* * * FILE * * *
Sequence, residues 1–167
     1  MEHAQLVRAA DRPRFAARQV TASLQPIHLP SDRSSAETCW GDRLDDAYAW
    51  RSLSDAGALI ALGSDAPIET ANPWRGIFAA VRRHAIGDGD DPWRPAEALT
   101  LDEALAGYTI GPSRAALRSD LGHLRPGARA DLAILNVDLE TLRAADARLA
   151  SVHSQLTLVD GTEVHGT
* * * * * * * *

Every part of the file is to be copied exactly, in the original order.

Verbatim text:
Sequence, residues 1–167
     1  MEHAQLVRAA DRPRFAARQV TASLQPIHLP SDRSSAETCW GDRLDDAYAW
    51  RSLSDAGALI ALGSDAPIET ANPWRGIFAA VRRHAIGDGD DPWRPAEALT
   101  LDEALAGYTI GPSRAALRSD LGHLRPGARA DLAILNVDLE TLRAADARLA
   151  SVHSQLTLVD GTEVHGT